Climate change affecting Lake Kariba

Food and Agriculture Organisation (FAO) says climate change has affected Lake Kariba

THE Food and Agriculture Organisation (FAO) says climate change has affected Lake Kariba as seen in ever decreasing water levels annually.

A drop in water levels has seen Zimbabwe and Zambia cutting down hydro-electricity generation.

With an installed capacity of 1080 megawatts, Zimbabwe was generating only 350MW as of yesterday.

Speaking at the launch of the Lake Kariba Inshore Fisheries Management Plan in Kariba, sub-regional co-ordinator for Southern Africa, Patrice Talla, said Lake Kariba was reeling from the effects of climate change.

“Climate change has affected Lake Kariba and its environs as envisaged by fluctuating lake water levels that have affected electricity availability,” Talla said.

“Fisheries have also been affected by the changes. Research conducted in Lake Kariba has shown that increasing temperatures affect fisheries productivity and the fluctuating lake water levels affect the actual fishing activities by fishery-dependent communities.”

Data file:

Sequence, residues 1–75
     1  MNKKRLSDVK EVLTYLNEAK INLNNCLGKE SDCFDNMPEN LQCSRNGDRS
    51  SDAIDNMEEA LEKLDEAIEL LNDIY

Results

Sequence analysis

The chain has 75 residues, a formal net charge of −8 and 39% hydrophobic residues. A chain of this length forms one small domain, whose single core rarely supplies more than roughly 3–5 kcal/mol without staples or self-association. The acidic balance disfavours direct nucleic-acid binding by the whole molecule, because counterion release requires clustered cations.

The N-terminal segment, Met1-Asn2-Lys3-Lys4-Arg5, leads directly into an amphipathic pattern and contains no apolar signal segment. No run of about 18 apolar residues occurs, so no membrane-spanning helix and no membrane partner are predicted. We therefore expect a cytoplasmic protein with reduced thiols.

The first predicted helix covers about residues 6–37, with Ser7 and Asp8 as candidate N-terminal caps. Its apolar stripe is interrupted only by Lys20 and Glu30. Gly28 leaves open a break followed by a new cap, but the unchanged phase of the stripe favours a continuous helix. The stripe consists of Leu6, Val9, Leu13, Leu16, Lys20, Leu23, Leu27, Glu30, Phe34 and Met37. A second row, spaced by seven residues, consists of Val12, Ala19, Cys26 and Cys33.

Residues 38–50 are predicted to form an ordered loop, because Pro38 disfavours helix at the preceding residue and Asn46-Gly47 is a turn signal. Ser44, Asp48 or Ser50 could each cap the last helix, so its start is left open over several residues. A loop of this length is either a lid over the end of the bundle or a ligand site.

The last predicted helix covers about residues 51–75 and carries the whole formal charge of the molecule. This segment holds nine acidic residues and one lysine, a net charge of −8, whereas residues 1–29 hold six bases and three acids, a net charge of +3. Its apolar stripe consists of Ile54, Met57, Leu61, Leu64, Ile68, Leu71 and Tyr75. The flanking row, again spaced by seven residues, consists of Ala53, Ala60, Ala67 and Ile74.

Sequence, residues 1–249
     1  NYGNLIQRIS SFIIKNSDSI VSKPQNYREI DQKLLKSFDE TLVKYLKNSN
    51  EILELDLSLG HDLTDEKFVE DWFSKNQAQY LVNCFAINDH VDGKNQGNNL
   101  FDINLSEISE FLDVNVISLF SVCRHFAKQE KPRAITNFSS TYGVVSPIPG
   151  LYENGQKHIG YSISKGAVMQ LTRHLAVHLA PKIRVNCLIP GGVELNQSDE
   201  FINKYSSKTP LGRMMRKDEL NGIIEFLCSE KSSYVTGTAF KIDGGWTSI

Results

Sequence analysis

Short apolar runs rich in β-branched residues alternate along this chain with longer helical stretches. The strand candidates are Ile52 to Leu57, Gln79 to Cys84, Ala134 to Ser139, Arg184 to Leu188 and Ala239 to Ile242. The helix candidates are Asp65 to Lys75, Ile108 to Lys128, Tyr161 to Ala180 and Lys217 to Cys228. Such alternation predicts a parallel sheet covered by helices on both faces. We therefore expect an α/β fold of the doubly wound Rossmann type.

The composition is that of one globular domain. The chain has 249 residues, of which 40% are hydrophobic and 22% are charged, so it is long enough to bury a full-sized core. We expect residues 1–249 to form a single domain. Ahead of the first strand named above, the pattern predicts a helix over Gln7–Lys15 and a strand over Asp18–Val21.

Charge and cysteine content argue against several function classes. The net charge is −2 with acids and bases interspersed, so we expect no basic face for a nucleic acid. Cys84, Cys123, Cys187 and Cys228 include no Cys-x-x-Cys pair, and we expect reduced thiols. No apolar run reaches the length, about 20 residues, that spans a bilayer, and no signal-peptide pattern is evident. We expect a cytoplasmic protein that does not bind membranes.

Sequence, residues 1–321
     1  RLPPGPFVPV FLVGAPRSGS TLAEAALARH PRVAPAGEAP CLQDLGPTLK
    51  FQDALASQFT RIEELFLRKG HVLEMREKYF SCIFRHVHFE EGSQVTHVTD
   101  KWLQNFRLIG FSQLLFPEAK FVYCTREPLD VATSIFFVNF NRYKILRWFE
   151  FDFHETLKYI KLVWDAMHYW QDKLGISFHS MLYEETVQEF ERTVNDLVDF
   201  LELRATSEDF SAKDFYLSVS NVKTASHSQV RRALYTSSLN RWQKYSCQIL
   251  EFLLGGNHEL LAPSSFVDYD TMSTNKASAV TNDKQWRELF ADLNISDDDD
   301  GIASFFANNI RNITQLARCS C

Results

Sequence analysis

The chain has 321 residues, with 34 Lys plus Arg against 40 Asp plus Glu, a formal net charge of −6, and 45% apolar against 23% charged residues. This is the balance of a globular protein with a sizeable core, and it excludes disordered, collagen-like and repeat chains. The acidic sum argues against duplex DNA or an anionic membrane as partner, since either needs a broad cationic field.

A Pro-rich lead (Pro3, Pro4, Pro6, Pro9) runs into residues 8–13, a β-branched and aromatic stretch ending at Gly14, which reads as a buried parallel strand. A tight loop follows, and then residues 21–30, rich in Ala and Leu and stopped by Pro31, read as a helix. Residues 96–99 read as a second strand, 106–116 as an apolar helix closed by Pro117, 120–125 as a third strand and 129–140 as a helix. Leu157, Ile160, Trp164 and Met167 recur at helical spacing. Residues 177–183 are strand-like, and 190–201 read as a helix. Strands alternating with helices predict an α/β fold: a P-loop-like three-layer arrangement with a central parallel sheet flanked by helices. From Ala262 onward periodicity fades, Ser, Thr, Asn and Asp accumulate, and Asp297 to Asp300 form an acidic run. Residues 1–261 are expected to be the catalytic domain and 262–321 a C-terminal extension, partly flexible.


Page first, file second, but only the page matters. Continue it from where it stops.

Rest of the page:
Talla added: “Although we face these and many other challenges, this launch event meeting has presented an opportunity for key fisheries stakeholders to meet.”

“Enhancing sustainability of small-scale fisheries of Lake Kariba is necessary for improving fisheries management and also improving availability of fish for food security and economic growth.”

The fisheries management launch was held under the theme Sustainable utilisation of fisheries resources to promote the sustainable management, development and utilisation of the small-scale fisheries of Lake Kariba, Zimbabwe.

The plan was developed through the Technical Co-operation Programme between government and the FAO for Enhancing Community Resilience and Sustainability of Small-Scale Fisheries of Lake Kariba.

FAO is implementing another fisheries initiative jointly with government called the Fish for Africa, the Caribbean and the Pacific State (FISH4ACPS) project.

The FISH4ACP initiative aims to bolster fisheries and aquaculture value chains in Africa, the Carribeans, and the Pacific.

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